A licensed clinical social worker was brought in to provide counseling services to the police staff including offering instruction to develop mental toughness and resilience, working through strategies for maintaining family health, offering strategies for identifying and combatting depression and anxiety, and building coping patterns for burnout and compassion fatigue. 

The council recently decided to expand the department by dedicating a traffic safety of four new full-time officers focused on traffic management and enforcement of traffic-related incidents. The goal is quicker response to resident-related complaints. 

“This initiative aims to enhance the safety of both motorized and nonmotorized forms of transportation. The unit will bring a heightened focus to anyone driving under the influence of alcohol or drugs, as well as inspections for commercial vehicles driving within city limits,” Weichers said.

Weichers emphasized the training the officers go through for exercises with the community’s schools to maximizing response time and efforts. He wants to ensure the schoolchildren’s parents that the city is putting a lot of effort in to ensure the schools are as safe as possible. 

The CHPD’s K9 program is one of the best ranked in Utah. They took first place in narcotics detection last year.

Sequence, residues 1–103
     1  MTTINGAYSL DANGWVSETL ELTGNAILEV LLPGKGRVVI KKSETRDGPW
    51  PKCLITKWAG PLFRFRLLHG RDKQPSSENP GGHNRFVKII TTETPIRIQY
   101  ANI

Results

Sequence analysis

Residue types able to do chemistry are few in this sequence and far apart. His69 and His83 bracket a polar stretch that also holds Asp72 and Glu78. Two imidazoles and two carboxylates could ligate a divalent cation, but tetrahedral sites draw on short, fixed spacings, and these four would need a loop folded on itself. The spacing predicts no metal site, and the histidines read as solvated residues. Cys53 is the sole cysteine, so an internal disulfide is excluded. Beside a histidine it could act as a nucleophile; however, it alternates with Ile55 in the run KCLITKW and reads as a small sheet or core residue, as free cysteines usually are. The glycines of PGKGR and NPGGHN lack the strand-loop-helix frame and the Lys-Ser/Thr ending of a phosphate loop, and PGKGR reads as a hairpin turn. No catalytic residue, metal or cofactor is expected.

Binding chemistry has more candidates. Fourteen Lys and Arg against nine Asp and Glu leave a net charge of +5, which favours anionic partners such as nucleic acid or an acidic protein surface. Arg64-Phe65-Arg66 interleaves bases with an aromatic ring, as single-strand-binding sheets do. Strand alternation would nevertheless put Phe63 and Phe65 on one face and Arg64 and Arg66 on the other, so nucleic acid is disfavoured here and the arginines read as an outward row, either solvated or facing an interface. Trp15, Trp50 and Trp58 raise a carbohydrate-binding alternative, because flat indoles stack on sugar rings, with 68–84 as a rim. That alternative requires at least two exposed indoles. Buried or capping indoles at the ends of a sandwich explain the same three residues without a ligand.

Weichers acknowledged the firefighters and representatives from UFA for their timely responses to pedestrian and auto efforts. 

“Their heroism has saved many lives and the city is blessed by fortitude and courage,” he said. 

Weichers also expressed gratitude for the entities that partner with the city including: Canyons School District, the Cottonwood Heights Parks and Recreation Service Area, Salt Lake City Public Utilities, Cottonwood Improvement District, the Jordan Valley Water Conservancy District, Wasatch Front Waste and Recycling District, Holladay Justice Court, the South Valley Chamber of Commerce, Salt Lake County and the State of Utah.

Looking forward into 2024, the city council will be reviewing their priorities of: continuing to find ways to improve road safety and enhance pedestrian protection; continuing to support the city’s public safety efforts; building a tax base through effective, economic development efforts; finalizing a vision for future redevelopment of the Hillside Plaza area, enhancing continuous improvement and efficiency in city work; facilitating planning processes to formulate and adopt an updated general plan; continuing to work strategically and methodically through the budget process to be effective and efficient in the use of taxpayer dollars; working to secure additional funding to maintain existing infrastructure, and continuing to preserve and enhance existing trails and open space areas. λ